I don't think the GM hybrid is any better than Ford or Toyota. It doesn't improve the MPG of a large vehicle that much.

    Ford considered a hybrid Explorer four years ago, and decided that they could get the same MPG improvement with a 6 speed transmission. I assume they compared that 6 speed with a hybrid/CVT.
  • kdhspyderkdhspyder Posts: 7,160
    I've always said it's my own opinion simply because from past experience this more common than one would think in big business.

    But again your point about conspiring to limit availability is the key point. NONE of the players in my scenario is limiting anything they are until now fully producing as much as they can each in their chosen segment. That's good business.

    My original point is that the hybrid market was NOT unlimited. In fact at the beginning it was miniscule and potentially a deadend. There was no assurance that the public would accept this technology. It would certainly not accept it across the board from one or two import brands. To develop widespread acceptance in various sizes and utilizations it needed more than two horses pulling the wagon and at least one or two of the horses had to be a domestic brand. However NOW in general the public is open to considering a hybrid vehicle so IMO we will be seeing vehicle makers expanding outside their 'chosen' segment.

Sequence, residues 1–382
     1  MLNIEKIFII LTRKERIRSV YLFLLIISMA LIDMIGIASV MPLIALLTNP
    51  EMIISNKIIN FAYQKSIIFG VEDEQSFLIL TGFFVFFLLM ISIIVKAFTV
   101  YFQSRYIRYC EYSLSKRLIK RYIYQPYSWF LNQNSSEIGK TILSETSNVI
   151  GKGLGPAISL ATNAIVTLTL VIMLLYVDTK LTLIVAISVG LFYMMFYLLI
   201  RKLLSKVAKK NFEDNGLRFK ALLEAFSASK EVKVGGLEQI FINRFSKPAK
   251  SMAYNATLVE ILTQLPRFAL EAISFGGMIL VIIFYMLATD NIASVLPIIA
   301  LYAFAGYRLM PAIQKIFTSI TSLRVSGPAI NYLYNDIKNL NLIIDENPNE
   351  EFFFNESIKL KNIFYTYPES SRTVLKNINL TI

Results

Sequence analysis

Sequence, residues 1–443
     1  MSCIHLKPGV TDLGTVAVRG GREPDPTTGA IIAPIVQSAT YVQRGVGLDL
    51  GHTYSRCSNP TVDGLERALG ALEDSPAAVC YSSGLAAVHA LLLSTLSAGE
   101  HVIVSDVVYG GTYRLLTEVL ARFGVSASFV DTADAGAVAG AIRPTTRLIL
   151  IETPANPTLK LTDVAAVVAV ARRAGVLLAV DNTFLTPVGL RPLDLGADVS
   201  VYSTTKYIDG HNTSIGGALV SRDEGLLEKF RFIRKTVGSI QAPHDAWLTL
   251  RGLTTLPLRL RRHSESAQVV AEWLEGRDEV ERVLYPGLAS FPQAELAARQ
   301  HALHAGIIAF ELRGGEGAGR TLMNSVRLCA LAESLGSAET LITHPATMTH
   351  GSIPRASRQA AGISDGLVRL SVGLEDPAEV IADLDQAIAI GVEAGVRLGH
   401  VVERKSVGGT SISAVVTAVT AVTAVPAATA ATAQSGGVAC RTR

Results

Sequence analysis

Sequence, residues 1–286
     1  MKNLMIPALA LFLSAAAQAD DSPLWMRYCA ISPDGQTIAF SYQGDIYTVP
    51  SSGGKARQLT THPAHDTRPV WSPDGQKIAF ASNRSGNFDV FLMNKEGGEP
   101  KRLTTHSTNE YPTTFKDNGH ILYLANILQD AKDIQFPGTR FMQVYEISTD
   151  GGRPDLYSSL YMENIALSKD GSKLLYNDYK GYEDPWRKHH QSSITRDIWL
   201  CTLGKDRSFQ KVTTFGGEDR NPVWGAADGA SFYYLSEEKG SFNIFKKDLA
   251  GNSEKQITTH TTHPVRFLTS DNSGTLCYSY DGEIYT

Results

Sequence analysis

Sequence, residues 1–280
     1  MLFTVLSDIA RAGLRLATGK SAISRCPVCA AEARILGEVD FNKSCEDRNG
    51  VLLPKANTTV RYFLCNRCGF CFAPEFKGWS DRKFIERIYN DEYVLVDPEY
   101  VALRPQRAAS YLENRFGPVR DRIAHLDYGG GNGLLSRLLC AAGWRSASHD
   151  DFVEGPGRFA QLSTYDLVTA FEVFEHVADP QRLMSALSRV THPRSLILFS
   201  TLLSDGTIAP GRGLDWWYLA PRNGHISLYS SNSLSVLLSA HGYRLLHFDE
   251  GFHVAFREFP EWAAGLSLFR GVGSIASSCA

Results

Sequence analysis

Fusion/Milan hybrids
    Edge hybrid
    Aura/Malibu hybrids
    lambda hybrids from GM
    "x" small crossover hybrid from Toyota
    small Prius sedan hybrid.

    The first?
    Honda seems to be bringing out its own Prius but that vehicle is still in 'Honda's segment'. Immitation is the sincerest form of flattery so Honda is in one way staying in line but also poking a stick in Toyota's eye. This 'baby Prius' is likely to be a killer in that it has the look of the Prius, with better-than-Prius FE and a much much lower price. It's a great move on Honda's part IMO. It maintains the 'order' and potentially it grows their business significantly.

    We probably will see a small Prius sedan announced soon which will go after the HCH. It too will likely be in the 60-70 mpg range.
  • kdhspyderkdhspyder Posts: 7,160
    I don't think the GM hybrid is any better than Ford or Toyota. It doesn't improve the MPG of a large vehicle that much.

    Ford considered a hybrid Explorer four years ago, and decided that they could get the same MPG improvement with a 6 speed transmission. I assume they compared that 6 speed with a hybrid/CVT.